In all, 8 μm coronal sections were cut from paraffin-embedded brain tissue blocks using a rotary microtome. Sections were dewaxed in xylene and rehydrated through a graded series of ethanol/water washes. Endogenous peroxidase activity was inhibited by incubation in 3% hydrogen peroxide in methanol. Antigen recovery was performed with Reveal It Solution (ImmunoSolution Pty Ltd, Everton Park, Qld, Australia) as per the manufacturer's instructions, before being blocked with BSA in PBS (0.1 M PBS, pH 7.2 with 0.5% w/v BSA, 0.05% w/v saponin and 0.05% v/v sodium azide). Sections were then incubated in 1:5000 dilution of either glial fibrillary acidic protein (GFAP) (monoclonal anti-GFAP antibody (G3893; Sigma–Aldrich)), myelin basic protein (MBP) (monoclonal anti-MBP antibody (M9434; Sigma–Aldrich)) or activated caspase-3 (anti-h/m caspase-3 active (AF835; R&D Systems, Minneapolis, MN, USA)) primary antibodies for 3 days. Sections were washed in PBS, followed by incubation in the appropriate biotinylated secondary antibodies: polyclonal rabbit anti-mouse (E0354; DakoCytomation), anti-rat IgG (B7139; Sigma–Aldrich) and anti-rabbit IgG (BA1000; Vector Labs, Burlingame CA, USA) respectively. Sections were then washed and incubated overnight in streptavidin–biotin–HRP complex (RPN1051V; Amersham). Labelling was revealed using 3,3′-diaminobenzidine tetrahydrochloride solution as a chromagen. Sections were mounted with DEPX (Merck) and examined using a Zeiss Axioskop Microscope. Images were acquired using a SPOT RT digital camera (Diagnostic Instruments, Sterling Heights, MI, USA). GFAP, MBP and caspase-3 immunostaining were examined in subcortical white matter and hippocampal CA1; additionally, GFAP-stained sections from the dentate region of the hippocampus were also analysed. The GFAP and MBP immunoreactivities were analysed by densitometry using ImageJ 1.40 (National Institutes of Health, Bethesda, MD, USA) and made binary by adjusting the threshold manually, with the per cent area of coverage recorded for four fields of view per region on two sections per animal. Cells positive for activated caspase-3 that showed apoptotic morphology were counted in four fields of view per region (cortex and hippocampal CA1) on two sections per animal. Controls for specificity of primary antibodies were run using the appropriate IgG substituted for each primary antibody.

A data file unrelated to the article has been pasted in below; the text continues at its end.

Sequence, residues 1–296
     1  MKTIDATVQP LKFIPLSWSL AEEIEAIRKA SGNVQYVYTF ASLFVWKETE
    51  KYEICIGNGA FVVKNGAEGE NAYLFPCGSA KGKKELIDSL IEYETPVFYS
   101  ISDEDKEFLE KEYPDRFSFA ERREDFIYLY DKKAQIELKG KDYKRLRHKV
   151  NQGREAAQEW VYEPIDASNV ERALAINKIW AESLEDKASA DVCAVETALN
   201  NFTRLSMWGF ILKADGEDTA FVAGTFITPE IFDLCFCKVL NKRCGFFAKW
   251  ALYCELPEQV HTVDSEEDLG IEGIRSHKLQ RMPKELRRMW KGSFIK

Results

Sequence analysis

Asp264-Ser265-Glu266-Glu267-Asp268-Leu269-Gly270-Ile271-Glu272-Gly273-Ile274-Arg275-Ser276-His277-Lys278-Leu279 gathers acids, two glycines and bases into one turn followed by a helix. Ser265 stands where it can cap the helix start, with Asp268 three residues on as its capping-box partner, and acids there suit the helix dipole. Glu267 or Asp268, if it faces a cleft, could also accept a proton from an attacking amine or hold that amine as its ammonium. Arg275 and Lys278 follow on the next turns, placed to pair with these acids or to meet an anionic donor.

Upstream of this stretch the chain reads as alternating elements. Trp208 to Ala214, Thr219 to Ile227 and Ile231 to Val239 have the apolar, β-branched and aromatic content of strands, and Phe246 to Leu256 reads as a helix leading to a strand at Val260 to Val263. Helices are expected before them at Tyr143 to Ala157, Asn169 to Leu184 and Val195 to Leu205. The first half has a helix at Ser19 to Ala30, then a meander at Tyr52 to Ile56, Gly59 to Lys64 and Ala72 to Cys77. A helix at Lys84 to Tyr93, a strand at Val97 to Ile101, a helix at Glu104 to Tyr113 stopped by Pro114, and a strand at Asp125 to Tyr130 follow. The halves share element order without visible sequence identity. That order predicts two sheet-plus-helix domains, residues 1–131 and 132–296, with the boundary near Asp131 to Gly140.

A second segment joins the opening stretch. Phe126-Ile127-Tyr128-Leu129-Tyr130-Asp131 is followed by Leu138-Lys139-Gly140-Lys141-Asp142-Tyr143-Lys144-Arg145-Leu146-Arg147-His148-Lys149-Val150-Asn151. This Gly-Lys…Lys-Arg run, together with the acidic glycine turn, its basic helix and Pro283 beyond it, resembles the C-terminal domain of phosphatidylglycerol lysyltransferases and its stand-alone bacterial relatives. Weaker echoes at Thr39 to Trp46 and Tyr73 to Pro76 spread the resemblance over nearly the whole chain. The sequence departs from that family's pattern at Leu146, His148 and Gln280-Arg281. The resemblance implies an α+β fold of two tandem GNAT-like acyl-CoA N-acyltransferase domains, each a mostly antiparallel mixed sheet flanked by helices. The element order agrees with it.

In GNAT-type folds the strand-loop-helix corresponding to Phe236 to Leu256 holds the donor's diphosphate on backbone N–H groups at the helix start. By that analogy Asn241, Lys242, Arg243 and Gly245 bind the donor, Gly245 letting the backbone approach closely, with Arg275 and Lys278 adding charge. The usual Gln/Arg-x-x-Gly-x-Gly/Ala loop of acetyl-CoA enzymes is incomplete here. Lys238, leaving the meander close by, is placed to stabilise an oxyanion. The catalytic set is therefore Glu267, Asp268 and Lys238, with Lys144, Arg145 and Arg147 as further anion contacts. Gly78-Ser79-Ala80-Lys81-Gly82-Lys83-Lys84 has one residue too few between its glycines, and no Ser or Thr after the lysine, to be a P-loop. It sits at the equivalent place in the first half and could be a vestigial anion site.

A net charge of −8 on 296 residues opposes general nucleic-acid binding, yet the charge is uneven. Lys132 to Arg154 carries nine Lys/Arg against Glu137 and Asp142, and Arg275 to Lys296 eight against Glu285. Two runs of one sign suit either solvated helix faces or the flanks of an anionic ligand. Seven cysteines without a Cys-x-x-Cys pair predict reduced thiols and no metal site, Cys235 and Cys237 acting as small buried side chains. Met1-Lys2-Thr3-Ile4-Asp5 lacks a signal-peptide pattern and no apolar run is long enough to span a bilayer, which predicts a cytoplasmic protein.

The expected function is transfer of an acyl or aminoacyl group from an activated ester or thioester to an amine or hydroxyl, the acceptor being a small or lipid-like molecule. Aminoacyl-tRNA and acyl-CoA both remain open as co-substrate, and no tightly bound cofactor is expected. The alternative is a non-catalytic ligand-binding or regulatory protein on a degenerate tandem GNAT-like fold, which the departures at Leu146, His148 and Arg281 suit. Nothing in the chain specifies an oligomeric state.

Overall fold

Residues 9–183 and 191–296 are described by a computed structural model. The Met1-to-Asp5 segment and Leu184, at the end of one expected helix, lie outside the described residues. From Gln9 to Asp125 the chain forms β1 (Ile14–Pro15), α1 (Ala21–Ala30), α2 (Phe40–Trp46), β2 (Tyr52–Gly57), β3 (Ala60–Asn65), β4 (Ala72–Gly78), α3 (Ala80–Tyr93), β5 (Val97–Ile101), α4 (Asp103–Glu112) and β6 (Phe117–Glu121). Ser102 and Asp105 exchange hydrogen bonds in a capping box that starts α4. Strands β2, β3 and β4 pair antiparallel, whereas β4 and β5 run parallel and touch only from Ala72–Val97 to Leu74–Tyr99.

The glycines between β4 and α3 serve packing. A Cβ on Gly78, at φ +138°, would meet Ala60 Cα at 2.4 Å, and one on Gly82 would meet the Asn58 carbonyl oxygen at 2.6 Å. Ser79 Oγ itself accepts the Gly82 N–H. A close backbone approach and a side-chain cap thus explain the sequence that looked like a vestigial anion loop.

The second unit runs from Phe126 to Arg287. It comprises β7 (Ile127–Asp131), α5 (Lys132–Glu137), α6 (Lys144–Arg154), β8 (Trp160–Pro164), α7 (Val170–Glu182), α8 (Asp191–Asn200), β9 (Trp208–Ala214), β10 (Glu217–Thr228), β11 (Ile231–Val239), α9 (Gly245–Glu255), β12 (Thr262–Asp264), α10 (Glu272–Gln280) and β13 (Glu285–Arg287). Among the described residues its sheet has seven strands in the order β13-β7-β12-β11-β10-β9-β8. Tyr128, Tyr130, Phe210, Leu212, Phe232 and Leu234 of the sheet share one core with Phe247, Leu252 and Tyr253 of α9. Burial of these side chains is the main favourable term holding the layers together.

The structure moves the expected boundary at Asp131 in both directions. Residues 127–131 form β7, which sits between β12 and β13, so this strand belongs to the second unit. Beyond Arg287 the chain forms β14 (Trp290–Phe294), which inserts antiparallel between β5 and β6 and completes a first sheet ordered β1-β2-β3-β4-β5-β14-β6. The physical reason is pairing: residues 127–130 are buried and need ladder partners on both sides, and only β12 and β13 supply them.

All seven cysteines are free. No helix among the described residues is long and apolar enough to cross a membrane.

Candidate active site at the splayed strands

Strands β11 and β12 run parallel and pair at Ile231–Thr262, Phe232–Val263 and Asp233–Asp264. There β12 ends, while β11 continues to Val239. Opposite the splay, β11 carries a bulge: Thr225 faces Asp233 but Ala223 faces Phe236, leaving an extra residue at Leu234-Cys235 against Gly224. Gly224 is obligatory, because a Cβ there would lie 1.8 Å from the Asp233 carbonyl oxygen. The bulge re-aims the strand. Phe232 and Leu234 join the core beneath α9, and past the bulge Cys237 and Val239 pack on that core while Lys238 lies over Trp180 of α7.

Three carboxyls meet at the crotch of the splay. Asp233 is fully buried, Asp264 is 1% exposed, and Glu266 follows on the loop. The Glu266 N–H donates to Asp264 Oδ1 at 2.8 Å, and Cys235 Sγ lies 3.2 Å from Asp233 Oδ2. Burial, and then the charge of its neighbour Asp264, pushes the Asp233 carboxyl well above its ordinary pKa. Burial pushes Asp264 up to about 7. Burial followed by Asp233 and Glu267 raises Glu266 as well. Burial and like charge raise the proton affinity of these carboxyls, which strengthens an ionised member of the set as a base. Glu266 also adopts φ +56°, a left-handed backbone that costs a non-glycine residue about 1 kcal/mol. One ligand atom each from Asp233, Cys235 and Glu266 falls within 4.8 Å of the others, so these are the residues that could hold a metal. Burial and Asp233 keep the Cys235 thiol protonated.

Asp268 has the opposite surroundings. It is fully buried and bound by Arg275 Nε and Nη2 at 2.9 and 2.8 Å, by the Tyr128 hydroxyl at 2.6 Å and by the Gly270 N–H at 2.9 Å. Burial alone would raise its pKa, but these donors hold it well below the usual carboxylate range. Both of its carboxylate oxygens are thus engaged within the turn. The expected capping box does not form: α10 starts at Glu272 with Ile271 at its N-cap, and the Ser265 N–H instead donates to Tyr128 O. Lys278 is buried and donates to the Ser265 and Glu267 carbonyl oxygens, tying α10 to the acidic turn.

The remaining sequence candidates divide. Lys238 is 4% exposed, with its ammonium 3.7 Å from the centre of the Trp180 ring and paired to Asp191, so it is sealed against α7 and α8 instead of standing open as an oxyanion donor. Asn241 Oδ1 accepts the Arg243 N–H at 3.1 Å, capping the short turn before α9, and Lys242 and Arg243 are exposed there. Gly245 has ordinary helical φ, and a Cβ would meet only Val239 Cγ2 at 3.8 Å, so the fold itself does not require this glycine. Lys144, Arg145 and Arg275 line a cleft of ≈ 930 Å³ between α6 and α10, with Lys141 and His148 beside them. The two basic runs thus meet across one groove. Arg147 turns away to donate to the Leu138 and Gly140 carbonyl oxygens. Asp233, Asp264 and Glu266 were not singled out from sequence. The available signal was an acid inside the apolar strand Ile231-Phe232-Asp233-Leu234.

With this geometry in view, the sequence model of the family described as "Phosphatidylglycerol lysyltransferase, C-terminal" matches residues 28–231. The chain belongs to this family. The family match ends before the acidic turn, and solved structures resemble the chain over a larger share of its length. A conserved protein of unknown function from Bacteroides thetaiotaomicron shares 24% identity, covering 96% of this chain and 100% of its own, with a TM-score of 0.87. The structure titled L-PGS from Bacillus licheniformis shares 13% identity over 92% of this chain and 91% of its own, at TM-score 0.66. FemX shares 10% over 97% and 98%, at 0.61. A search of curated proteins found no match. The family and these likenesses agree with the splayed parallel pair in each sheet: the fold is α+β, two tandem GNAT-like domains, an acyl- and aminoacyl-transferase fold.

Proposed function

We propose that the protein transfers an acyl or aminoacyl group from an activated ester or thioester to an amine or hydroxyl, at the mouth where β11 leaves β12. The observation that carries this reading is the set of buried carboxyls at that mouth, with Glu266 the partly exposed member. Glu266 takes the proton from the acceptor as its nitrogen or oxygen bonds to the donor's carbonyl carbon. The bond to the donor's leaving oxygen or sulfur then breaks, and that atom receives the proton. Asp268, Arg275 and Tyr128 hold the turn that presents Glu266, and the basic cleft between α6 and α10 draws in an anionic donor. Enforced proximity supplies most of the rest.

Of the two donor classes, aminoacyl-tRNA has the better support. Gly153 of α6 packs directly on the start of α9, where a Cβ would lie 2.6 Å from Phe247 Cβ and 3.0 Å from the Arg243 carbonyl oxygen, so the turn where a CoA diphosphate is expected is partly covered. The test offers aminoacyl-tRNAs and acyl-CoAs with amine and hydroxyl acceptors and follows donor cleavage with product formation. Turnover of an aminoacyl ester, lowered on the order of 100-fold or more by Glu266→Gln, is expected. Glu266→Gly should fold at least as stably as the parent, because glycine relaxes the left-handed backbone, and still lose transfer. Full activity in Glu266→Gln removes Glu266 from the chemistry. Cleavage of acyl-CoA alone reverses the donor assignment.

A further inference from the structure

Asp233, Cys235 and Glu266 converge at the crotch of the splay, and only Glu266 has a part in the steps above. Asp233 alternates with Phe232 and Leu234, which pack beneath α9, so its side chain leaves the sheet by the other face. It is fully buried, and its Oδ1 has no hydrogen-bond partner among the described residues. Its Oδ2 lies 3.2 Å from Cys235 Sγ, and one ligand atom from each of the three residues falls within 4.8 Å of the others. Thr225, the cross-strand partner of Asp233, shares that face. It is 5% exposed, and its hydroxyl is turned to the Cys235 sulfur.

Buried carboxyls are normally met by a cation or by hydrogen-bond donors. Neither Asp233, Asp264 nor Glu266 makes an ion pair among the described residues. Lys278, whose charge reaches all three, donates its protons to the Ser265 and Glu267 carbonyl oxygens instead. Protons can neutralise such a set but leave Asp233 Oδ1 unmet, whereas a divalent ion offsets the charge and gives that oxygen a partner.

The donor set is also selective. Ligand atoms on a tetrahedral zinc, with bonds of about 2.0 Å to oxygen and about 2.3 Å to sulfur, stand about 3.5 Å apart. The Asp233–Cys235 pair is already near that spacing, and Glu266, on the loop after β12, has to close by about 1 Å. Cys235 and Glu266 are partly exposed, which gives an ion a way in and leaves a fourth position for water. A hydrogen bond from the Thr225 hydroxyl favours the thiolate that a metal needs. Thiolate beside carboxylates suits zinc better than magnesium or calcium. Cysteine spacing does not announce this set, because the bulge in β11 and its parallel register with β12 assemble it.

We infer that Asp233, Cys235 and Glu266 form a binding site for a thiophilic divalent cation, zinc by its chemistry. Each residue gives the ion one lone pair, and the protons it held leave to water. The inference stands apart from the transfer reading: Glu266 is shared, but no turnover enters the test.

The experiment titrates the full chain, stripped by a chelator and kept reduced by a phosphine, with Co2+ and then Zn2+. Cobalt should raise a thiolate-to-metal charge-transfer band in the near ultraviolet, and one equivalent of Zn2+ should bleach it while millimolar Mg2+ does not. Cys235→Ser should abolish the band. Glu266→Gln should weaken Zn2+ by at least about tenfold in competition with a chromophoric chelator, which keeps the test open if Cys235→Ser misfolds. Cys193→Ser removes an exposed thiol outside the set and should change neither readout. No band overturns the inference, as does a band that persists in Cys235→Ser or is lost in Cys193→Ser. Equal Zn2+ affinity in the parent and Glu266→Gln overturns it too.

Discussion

Statistical analysis was carried out using PASW Statistics Package v18.0 for Mac (SPSS, Inc., Chicago, IL, USA). Multiple regression was used to model the measured and continuous outcome variables against the three categorical predictors: finasteride, IUGR and sex, using backwards stepwise mode. Two-way interactions were tested. A two-tailed significance level of 5% was used throughout. The dependent variables were transformed as required in order to satisfy model assumptions. Subgroup analysis of means was carried out using two-tailed Student's t-test where appropriate. Significance levels of P<0.05 are represented with asterisks in Figs 1–4, where applicable.